The Detroit News. December 28, 2017
Teachers win refund; shortfall remains
Michigan can’t solve the underfunding of its teacher retiree health care account by demanding teachers contribute a small amount from their paychecks, now that the Michigan Supreme Court has ruled the 2010 levy unconstitutional.
Teachers will get a refund of the money collected between 2010 and 2012, when the tax was suspended pending resolution of the court challenge. The state had held $550 million in paycheck deductions in an escrow account during the legal fight. The money refunded will include about $4 million in interest.
The tax is now gone for good, but the shortfall remains. And so the state will have to find a different approach to filling it.
The 3 percent levy was an attempt to help pay for retiree health care. The unanimous 6-0 decision will put that money back into teachers’ pockets. Gov. Rick Snyder, who has fought in support of the law enacted during the Granholm administration, said he is pleased that the matter has been decided.
“The funding has been held in escrow, so Michigan will continue to have a balanced budget. We will not need to raise new revenue or remove funding from other priorities to refund the money that was collected for retirement health care,” Snyder said in a statement.
The money will be given back to more than 275,000 teachers and school employees like a hefty tax return.
Though the ruling settles this case, the problem of retiree health care is still very much at issue. Strides have been taken to solidify the program, and they must continue. There was good reason for Snyder to pursue former Gov. Jennifer Granholm’s law. The state budget office has estimated the unfunded liability for retiree health care in the school employee retirement system (MPSERS) is more than $9 billion.
Reforms in 2012 to teacher retiree benefits changed the 2010 law to say teachers could opt out of the health benefits in retirement, meaning they had no obligation to contribute the 3 percent. And the retiree health care premiums for new teachers (and current teachers who opted in) were eliminated in lieu of supplemental contributions from the state placed into a 401(k) account that could be used toward health costs in retirement.
That helps in the long run. But the current obligations haven’t disappeared.
Undoubtedly, more state resources will have to be used to meet health care obligations.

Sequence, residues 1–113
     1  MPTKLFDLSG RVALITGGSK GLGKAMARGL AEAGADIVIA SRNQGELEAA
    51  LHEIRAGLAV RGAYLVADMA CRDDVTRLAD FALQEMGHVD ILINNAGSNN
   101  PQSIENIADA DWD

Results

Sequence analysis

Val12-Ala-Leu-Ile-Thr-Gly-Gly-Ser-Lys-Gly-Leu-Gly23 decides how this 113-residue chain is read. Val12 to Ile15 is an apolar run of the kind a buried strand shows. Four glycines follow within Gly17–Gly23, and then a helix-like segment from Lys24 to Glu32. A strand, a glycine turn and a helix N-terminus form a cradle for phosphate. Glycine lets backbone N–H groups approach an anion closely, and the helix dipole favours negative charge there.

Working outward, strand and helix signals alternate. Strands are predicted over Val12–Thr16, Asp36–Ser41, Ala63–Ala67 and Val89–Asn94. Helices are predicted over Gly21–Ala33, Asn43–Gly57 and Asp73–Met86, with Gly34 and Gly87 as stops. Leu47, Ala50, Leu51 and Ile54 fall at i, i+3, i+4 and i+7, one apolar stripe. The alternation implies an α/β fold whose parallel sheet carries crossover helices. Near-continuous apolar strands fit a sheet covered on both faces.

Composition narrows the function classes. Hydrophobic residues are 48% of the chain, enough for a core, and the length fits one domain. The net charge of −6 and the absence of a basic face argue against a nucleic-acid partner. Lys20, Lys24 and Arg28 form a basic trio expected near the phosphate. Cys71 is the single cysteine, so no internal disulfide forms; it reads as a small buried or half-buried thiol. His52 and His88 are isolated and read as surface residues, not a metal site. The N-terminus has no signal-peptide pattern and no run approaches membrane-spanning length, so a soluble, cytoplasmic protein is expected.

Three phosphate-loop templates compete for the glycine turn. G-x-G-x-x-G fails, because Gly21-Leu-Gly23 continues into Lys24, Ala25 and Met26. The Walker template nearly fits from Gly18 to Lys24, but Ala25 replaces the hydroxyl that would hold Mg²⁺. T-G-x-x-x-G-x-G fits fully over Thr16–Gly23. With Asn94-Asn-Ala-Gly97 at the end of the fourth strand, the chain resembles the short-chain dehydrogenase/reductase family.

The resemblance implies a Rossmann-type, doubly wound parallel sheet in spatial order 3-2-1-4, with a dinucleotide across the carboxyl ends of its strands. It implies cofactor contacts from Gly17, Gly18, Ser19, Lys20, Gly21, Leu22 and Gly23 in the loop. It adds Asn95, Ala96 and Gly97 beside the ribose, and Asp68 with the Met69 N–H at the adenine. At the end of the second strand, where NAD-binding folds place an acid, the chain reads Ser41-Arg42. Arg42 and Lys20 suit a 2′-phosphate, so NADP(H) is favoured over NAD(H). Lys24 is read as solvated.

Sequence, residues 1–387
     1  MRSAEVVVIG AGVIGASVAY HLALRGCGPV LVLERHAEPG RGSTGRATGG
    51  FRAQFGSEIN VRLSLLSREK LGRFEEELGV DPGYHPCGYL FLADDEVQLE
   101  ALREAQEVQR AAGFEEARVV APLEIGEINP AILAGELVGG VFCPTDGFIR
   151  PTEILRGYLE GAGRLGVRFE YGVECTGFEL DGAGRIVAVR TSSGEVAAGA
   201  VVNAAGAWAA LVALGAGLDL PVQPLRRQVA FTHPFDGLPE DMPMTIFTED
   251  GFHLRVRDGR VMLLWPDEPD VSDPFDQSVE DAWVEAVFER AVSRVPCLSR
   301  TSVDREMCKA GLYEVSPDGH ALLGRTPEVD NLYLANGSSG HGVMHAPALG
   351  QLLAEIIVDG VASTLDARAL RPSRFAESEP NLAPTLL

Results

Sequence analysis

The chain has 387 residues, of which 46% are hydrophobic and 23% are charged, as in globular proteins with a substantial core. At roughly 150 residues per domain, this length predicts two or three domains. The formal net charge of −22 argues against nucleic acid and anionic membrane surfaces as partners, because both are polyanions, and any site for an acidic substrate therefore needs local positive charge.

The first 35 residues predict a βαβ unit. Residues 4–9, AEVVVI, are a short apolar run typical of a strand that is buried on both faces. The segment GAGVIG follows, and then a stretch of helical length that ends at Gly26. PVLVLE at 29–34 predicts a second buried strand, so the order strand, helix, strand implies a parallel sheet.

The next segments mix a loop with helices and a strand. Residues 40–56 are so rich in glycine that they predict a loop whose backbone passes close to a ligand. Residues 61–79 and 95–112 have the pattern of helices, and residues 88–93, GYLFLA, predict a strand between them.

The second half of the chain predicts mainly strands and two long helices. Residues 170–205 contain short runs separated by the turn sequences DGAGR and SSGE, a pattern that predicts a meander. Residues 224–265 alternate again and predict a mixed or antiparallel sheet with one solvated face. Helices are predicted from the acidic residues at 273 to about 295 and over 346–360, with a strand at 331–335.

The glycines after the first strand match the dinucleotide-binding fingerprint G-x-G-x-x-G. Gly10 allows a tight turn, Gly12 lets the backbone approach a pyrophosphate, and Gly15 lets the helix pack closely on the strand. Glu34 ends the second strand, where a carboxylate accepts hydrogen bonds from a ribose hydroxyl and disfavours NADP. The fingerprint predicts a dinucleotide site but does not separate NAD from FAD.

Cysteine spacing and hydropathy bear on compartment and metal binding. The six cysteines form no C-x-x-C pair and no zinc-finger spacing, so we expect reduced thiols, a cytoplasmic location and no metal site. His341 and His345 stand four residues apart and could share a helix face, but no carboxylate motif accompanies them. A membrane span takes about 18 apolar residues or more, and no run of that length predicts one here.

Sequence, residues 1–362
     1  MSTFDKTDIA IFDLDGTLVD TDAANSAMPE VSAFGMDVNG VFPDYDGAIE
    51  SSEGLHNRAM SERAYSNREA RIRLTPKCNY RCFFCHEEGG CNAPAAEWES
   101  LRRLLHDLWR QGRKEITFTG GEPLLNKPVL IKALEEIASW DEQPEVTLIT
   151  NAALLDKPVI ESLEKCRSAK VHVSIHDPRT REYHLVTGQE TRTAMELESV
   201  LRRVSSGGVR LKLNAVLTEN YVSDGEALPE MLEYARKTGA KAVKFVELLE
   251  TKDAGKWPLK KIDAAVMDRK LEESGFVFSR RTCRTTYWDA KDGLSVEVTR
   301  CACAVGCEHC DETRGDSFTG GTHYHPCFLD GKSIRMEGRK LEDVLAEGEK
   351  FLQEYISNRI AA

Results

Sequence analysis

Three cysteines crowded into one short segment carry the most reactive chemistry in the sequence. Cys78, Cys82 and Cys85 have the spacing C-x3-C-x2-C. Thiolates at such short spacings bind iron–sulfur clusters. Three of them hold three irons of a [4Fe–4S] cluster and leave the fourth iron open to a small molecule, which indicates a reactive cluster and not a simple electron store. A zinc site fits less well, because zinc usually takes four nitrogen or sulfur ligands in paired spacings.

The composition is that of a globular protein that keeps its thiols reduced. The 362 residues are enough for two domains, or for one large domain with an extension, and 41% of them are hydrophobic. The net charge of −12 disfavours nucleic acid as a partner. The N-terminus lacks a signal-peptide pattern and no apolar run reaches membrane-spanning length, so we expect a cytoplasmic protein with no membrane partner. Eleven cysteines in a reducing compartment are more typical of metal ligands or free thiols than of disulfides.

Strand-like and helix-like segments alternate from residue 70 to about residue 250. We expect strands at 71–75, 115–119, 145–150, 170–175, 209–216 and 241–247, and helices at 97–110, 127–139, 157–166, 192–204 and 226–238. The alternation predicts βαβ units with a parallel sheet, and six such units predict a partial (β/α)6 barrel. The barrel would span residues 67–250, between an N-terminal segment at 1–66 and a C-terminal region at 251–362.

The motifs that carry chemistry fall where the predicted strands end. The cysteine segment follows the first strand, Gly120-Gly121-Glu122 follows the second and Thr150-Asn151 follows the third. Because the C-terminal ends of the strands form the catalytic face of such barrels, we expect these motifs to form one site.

This would be a good time for both the state and teachers to take an honest look at actuarial tables and make sensible adjustments in retirement ages so that teachers are not collecting retirement benefits for more years than they spent in the classroom.
In addition, the state has leeway to make changes to retiree health benefits.
As James Hohman, fiscal policy director at the Mackinac Center, has observed: “There is a state constitutional guarantee for pension benefits that have been earned. State and local governments can, however, trim post-employment health benefits - not just for future retirees but for current ones as well.”
It was a worthy idea to require teachers to invest more in their own post-retirement health care. But as the court instructed, the state will have to find a new approach to tackling the costs.
The Mining Journal. December 28, 2017
Baldini leaves lasting legacy
The city of Marquette - and, really, the entire community - was handed a blow earlier this week when word came of the unexpected death of Marquette Mayor Tom Baldini.
Baldini passed away Tuesday after suffering a stroke over the weekend.
Baldini was elected mayor in November after serving as mayor pro tem. He also was elected to the Marquette City Commission in 2014 for a three-year term.
However, he was much more than a city official as his many friends and colleagues will tell you. In fact, former Michigan Gov. James Blanchard called him a “walking advocate and ambassador” for the Upper Peninsula.
Baldini taught government and economics at Marquette Senior High School from 1965-83, later becoming assistant to the superintendent for finances and personnel.
Former President Bill Clinton nominated Baldini to be U.S. chair of the International Joint Commission for Canada and the United States, whose duties entailed managing all the waters shared between the two countries.
In fact, Baldini’s accomplishments are too numerous to include in this small space, but they range from being district director for former U.S. Rep. Bart Stupak, 1st Congressional District of Michigan, to serving as the U.S. representative of the U.S. and Canadian Boundary Commission.
At the time of his death, he was a part-time instructor in the Political Science Department at Northern Michigan University and a member of the Michigan Technological University Board of Control.
Baldini also was active with the Economic Club of Marquette County, recently serving as program chair.
Many people would have been long retired at age 74, which was Baldini’s age. It appeared, though, he still had too much to achieve.
For a person obviously as interested and committed to the community as Baldini, there was much work to be done. So, his untimely passing leaves a huge void in the Marquette community.